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Images of elves – examining the extent of the Tolkienian transformation, and subsequent 'postmodern' visions (Part Two)

By Mark Wegierski
web posted June 13, 2016

This essay is based on a draft of a presentation co-written with Wojciech Szymanski, M.A., read at the 2014 Fantastic Literature Conference (Supernatural Creatures: from Elf-Shot to Shrek) (Lodz, Poland: University of Lodz), September 22-24, 2014.

Terry Pratchett's Discworld is constituted by magic. Metaphysical ideas of our world (e.g., teleportation, mind-reading, generally the ability to control matter with the power of mind) and fantastic things, e.g., unicorns, elves, trolls, mages, witches, are rather ordinary phenomena on the Discworld. Because of its strong magical field, almost all of that world's abstract creation is animistic (e.g., the personification of death; hangover; the force responsible for the mysterious disappearance of socks in the washing).  

Elves in Pratchett are nothing like those of Tolkien. Here elves kill humans for fun and wreak havoc for the sheer pleasure of it.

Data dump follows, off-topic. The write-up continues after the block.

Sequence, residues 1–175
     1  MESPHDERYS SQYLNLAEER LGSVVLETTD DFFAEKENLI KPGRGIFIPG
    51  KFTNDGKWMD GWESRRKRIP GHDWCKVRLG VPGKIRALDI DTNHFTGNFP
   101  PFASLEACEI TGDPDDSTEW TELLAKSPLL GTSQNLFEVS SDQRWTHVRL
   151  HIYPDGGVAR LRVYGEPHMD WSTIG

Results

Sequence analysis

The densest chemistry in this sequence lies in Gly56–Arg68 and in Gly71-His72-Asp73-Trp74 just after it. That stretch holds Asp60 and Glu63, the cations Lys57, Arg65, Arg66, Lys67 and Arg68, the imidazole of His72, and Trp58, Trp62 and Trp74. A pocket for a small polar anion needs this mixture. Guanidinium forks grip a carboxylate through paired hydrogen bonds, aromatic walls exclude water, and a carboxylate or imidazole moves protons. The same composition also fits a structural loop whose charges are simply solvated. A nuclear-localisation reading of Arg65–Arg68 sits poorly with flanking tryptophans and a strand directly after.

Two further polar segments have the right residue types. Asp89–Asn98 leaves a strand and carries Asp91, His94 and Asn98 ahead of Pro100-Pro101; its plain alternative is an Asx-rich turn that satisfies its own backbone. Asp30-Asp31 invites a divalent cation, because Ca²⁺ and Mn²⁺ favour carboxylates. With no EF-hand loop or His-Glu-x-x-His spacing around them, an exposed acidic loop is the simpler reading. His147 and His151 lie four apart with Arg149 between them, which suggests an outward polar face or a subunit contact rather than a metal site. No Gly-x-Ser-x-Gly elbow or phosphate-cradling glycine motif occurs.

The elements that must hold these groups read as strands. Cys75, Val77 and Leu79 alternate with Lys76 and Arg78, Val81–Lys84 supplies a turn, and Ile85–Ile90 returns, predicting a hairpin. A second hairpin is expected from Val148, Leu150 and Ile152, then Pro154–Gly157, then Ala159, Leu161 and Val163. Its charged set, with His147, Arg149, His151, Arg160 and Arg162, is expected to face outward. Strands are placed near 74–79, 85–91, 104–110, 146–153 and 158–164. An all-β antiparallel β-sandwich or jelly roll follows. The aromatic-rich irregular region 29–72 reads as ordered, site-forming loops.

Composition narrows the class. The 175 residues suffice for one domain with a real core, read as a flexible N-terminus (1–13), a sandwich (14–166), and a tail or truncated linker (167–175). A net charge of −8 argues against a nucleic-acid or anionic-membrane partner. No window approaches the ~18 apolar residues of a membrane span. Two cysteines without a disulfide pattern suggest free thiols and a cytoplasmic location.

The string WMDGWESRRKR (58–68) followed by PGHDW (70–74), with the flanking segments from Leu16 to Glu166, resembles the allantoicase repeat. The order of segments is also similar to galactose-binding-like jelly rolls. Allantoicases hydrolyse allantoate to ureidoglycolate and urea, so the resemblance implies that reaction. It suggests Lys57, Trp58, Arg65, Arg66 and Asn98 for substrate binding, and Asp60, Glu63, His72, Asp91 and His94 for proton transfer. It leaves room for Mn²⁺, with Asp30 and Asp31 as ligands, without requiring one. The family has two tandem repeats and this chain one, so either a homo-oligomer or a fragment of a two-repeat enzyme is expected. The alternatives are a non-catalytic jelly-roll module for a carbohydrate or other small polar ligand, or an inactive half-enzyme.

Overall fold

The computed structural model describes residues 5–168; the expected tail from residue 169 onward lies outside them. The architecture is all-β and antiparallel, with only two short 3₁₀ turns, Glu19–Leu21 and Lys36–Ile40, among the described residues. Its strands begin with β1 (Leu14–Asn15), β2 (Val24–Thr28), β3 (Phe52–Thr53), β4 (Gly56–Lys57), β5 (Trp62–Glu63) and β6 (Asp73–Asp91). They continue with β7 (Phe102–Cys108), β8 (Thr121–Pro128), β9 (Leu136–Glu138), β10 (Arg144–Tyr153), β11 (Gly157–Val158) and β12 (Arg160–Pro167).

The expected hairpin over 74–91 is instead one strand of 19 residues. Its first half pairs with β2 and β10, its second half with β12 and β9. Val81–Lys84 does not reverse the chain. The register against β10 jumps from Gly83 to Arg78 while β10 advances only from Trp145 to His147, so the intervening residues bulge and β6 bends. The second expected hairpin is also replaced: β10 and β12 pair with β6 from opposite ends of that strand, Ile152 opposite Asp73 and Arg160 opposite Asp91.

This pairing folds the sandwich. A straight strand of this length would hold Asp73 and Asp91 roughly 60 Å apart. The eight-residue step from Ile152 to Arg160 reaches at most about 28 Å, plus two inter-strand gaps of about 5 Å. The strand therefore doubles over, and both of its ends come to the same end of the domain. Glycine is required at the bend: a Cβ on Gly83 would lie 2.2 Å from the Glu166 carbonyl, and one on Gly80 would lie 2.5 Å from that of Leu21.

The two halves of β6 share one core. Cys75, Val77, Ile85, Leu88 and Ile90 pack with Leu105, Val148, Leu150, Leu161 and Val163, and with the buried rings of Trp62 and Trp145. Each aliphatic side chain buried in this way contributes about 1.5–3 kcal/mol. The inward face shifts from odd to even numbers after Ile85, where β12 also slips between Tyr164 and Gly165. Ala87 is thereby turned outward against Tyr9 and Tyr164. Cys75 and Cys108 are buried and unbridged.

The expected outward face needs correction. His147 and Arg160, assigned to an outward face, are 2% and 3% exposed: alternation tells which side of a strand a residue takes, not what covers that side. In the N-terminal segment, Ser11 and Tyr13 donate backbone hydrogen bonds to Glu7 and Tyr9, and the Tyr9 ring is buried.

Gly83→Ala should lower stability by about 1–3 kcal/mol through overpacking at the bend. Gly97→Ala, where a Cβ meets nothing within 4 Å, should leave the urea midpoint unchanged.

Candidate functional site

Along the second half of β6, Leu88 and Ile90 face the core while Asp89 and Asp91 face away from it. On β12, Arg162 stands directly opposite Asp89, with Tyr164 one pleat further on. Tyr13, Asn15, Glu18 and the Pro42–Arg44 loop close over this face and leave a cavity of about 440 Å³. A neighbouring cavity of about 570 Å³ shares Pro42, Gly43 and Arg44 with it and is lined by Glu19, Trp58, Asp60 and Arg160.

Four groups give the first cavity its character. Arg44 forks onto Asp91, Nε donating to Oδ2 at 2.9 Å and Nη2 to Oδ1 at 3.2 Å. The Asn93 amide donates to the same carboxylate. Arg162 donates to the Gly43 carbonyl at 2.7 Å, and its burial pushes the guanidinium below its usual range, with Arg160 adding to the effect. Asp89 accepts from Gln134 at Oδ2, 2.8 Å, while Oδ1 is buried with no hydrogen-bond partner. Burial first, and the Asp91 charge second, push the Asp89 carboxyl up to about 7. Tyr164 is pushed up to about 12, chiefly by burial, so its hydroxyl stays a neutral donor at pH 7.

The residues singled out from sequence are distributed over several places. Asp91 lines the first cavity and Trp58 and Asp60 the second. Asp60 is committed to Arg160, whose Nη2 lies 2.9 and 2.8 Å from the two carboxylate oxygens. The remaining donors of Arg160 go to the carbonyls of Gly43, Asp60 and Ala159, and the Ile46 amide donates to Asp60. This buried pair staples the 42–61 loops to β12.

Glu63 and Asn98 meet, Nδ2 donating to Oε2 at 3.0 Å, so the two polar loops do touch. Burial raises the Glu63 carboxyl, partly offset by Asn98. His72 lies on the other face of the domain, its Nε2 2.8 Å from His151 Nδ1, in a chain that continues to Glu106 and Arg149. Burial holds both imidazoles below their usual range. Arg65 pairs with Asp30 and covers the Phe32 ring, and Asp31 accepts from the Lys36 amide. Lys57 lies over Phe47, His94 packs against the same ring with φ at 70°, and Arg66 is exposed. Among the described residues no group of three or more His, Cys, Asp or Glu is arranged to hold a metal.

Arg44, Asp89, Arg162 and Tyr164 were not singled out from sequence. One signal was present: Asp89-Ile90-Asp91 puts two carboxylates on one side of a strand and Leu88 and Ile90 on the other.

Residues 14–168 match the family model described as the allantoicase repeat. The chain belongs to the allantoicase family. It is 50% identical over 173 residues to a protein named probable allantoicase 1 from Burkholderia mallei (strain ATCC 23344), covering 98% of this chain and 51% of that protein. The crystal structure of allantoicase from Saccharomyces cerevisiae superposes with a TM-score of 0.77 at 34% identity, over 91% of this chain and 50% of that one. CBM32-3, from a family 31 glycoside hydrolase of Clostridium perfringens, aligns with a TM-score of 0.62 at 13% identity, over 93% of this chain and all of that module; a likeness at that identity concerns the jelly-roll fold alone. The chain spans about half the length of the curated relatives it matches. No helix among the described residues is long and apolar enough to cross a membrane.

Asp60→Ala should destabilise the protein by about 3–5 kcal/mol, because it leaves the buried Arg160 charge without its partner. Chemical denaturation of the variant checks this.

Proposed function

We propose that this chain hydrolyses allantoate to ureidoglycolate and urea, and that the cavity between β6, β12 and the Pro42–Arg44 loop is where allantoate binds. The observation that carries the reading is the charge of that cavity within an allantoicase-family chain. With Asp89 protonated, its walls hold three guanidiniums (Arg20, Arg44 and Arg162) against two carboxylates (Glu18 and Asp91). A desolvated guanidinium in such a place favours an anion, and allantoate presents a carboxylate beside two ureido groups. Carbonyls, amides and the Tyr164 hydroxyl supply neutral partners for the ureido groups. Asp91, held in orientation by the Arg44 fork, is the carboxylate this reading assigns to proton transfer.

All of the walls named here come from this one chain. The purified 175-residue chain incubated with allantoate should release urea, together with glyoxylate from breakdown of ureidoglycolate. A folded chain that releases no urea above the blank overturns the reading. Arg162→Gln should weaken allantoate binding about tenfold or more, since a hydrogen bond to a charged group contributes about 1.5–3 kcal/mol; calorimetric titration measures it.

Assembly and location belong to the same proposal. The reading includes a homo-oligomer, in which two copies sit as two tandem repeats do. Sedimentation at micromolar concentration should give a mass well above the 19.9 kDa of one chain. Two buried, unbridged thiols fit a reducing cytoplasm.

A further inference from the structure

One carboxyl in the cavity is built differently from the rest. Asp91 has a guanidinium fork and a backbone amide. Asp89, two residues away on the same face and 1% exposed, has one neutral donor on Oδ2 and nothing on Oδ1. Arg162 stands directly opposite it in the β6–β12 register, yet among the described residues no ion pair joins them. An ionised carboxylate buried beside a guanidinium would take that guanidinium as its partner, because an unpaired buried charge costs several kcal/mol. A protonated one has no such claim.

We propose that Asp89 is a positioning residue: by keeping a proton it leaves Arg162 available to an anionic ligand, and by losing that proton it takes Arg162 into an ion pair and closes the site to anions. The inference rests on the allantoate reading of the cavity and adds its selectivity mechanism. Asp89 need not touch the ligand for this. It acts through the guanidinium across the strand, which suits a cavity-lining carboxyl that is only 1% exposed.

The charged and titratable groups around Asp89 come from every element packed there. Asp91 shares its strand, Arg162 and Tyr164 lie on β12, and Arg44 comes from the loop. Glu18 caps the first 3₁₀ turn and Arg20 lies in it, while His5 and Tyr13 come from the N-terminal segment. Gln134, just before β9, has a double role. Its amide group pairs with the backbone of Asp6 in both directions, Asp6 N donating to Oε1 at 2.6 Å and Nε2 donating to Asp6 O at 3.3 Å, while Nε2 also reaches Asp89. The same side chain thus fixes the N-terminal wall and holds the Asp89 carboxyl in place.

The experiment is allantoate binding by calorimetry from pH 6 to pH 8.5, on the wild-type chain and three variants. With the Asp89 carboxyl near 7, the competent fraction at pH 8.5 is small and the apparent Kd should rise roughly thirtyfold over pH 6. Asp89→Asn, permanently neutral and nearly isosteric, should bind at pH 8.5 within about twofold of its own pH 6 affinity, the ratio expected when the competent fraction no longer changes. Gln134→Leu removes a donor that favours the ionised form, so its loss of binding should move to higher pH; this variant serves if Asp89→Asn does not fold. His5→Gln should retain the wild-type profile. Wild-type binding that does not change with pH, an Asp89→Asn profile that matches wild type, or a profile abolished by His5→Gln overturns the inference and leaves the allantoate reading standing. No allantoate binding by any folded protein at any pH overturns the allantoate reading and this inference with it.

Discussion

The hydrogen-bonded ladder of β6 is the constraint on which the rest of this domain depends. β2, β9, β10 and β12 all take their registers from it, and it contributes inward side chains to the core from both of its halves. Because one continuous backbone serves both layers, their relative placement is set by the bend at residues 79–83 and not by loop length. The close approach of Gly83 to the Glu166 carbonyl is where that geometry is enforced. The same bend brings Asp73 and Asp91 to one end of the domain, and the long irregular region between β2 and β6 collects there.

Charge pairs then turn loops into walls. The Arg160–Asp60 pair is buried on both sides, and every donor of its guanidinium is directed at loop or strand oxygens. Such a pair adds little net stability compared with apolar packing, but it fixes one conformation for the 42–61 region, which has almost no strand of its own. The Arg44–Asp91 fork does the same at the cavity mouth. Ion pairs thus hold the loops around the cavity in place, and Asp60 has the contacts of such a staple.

Elves are wonderful. They provoke wonder.
Elves are marvellous. They cause marvels.
Elves are fantastic. They create fantasies.
Elves are glamorous. They project glamour.
Elves are enchanting. They weave enchantment.
Elves are terrific. They beget terror.

The thing about words is that meanings can twist just like a snake, and if you want to find snakes look for them behind words that have changed their meaning. No one ever said elves are nice. Elves are bad.

Terry Pratchett, Lords and Ladies. London: Transworld Publishers – Corgi, 1993, pp. 169-170.

Pratchett's elves are parasitic beings from other dimension. They use narratives to control their hosts. They lure people with stories created by editing what is remembered and fight their enemies by manipulating their thoughts. They also possess an almost magical ability called ‘glamour' – the ability to confuse and overawe. They manage to invade Lancre because the barrier separating the worlds was broken by the staging of a play very similar in plot to Shakespeare's A Midsummer Night's Dream. Because of the reality leakage thus created they manage to launch an attack on the Lancre Castle. The invasion is finally averted but evil is not vanquished. Elves wait for another chance when the layer of reality will be thin enough, and people start dreaming too often – they will be there.

The elves of Pratchett, though set in a much more playful world than that of Warhammer Fantasy (chronicled below) are quite similar to the Dark Elves in Warhammer, in their being as deadly as beautiful.

To be continued. ESR

Mark Wegierski is a Canadian writer and historical researcher.

 

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